Known as “the most beautiful bridge ever built in Racine,” the Sixth Street bridge holds great historical significance to the City of Racine.
You may have driven over it and enjoyed the beautiful mosaics but for those who use the river, they get to see the wonderful art deco/moderne style architecture, including terra cotta ornamentation and open arches.
In fact, the Library of Congress describes it as “one of Wisconsin’s most unusual and architecturally significant concrete bridges.” It opened on December 1, 1928, the work of the world-renowned architect, Charles S. Whitney. But it won’t be around for long as City officials consider a replacement.
Why the bridge needs addressing
Despite its significance, years of neglect have left it in a state of disrepair, an issue that the Common Council has yet again opted to take up. At the last Council meeting held May 7, members voted unanimously to pass a resolution to move forward with the $5.6 million dollar project. The City will be responsible for 20 percent of the costs, which totals around $1.3 million.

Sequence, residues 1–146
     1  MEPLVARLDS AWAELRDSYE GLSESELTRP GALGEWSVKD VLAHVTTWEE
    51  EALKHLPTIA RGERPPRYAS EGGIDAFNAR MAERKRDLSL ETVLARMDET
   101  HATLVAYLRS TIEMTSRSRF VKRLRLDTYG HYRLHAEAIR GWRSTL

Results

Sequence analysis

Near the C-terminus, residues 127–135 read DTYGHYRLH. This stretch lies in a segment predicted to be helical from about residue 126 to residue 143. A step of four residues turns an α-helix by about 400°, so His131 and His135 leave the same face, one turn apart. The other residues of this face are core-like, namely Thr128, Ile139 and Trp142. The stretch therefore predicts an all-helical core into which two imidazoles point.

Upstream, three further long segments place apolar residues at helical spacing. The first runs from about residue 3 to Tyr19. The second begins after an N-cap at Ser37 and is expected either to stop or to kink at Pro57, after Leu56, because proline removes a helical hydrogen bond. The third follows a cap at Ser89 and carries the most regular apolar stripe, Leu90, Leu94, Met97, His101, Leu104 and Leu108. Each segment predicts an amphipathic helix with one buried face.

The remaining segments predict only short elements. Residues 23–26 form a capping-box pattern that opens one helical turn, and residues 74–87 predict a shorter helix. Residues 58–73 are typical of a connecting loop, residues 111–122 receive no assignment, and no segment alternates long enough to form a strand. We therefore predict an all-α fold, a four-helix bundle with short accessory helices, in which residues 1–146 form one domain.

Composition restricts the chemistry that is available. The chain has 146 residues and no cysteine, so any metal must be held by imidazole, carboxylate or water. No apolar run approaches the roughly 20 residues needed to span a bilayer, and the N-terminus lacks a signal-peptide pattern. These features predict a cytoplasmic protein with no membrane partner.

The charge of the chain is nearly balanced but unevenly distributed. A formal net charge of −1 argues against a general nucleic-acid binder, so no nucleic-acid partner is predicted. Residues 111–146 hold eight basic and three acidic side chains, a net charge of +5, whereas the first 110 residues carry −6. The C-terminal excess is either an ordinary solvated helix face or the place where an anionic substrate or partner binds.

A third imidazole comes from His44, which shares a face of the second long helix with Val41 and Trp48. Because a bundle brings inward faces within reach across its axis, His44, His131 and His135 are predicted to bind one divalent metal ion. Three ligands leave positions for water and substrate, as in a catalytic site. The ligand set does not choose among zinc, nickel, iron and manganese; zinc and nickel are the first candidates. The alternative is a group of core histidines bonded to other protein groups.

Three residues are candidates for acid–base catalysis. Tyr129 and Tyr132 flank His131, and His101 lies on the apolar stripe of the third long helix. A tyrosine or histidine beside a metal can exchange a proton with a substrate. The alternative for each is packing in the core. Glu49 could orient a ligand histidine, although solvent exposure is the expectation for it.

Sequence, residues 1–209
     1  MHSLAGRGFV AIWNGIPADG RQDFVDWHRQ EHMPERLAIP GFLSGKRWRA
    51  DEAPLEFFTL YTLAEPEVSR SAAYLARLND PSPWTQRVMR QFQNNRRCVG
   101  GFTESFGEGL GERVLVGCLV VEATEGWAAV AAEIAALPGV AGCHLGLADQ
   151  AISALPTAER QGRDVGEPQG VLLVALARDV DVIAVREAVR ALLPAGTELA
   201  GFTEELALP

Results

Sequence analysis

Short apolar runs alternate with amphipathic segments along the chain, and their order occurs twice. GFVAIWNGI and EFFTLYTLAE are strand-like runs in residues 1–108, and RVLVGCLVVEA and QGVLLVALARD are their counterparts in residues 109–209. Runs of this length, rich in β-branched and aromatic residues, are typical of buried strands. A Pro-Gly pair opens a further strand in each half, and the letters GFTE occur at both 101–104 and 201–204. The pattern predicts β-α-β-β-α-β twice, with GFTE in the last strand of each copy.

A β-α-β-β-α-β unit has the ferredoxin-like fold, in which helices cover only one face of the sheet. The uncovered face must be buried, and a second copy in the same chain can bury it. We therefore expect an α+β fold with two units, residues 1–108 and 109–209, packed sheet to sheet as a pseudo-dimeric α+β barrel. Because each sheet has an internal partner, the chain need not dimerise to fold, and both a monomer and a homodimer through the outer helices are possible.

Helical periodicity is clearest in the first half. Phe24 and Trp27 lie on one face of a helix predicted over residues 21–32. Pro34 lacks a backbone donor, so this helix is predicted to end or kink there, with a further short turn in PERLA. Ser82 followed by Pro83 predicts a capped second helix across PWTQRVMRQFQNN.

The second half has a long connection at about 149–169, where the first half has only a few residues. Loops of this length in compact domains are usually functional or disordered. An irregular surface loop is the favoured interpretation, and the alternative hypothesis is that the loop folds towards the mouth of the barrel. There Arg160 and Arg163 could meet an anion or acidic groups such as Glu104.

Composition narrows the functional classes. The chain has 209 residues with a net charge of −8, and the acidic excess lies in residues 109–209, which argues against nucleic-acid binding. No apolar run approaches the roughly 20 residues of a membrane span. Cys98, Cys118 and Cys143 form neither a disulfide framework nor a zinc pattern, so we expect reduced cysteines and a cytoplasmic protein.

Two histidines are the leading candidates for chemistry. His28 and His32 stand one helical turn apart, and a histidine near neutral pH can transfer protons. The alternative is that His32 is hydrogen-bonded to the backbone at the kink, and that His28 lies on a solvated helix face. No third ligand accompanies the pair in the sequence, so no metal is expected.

John Tate II, the alderman whose district the bridge is located in, described the project during the Council meeting as “a long time coming,” which is quite true. The project was first initiated in May of 2015. However, the price tag was significantly lower than its current price tag. In 2016, the cost of the project was set around $400,000 for the design and $2.2 million for construction.
One issue that did come up in the 2016 public hearings was whether the bridge should be preserved and repaired or replaced. The City has always been on the side of replacement due to consultants at the time estimating it would cost an additional $1 million to preserve the historic structure. Members of Preservation Racine spoke up in 2016 against replacement citing its significance, one member referred to it as “one of the jewels of Racine.”
Racine County Eye has reached out to them for comment about the current resolution but has not yet received a response.
The replacement bridge — as designed by Ayers Associates — is set to mimic design features of the original structure.
There are still many questions surrounding the project. However, requests for comment and additional information from Alderman Tate II and City staff have yet to be addressed.
We’ll update the story when we receive more information. In the meantime, Tate told the Common Council last week: “It will be a long project but it will be a beautiful result when it’s all said and done.”